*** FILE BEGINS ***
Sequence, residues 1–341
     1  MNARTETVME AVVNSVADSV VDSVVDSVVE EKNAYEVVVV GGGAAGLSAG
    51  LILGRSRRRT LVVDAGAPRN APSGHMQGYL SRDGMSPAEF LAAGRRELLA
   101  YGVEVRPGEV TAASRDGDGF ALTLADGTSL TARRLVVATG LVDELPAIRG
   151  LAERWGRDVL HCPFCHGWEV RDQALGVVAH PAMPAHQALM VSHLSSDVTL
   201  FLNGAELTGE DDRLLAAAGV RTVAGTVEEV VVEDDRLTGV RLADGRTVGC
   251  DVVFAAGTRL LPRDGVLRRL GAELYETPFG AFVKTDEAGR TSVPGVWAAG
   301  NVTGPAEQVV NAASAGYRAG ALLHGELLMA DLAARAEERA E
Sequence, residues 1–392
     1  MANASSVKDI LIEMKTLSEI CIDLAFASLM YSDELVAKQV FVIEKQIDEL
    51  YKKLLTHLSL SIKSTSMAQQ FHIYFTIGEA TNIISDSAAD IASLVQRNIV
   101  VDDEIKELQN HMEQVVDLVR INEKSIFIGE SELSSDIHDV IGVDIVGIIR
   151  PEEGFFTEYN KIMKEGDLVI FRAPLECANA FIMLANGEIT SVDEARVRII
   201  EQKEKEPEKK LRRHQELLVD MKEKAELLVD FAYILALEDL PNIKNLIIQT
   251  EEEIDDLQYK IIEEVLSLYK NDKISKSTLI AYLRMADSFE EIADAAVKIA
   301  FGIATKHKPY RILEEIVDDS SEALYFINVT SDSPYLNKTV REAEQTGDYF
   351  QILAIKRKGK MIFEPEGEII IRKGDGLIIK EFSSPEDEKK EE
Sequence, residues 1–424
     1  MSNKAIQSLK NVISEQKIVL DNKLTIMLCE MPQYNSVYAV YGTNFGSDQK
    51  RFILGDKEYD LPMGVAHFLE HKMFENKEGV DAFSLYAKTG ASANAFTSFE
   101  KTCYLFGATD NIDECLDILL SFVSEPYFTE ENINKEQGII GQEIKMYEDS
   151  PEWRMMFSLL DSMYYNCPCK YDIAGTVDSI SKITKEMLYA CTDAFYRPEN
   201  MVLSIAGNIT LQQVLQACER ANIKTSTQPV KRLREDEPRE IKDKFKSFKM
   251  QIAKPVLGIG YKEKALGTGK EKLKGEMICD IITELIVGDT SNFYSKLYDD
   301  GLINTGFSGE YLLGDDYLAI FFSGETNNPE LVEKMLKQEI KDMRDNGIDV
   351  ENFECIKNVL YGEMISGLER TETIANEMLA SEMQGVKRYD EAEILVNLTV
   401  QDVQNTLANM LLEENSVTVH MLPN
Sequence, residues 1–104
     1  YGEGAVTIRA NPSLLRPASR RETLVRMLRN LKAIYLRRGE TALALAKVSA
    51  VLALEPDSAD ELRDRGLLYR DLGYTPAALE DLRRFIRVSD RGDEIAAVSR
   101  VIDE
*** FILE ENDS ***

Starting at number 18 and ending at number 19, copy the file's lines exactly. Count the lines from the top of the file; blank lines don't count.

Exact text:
Sequence, residues 1–424
     1  MSNKAIQSLK NVISEQKIVL DNKLTIMLCE MPQYNSVYAV YGTNFGSDQK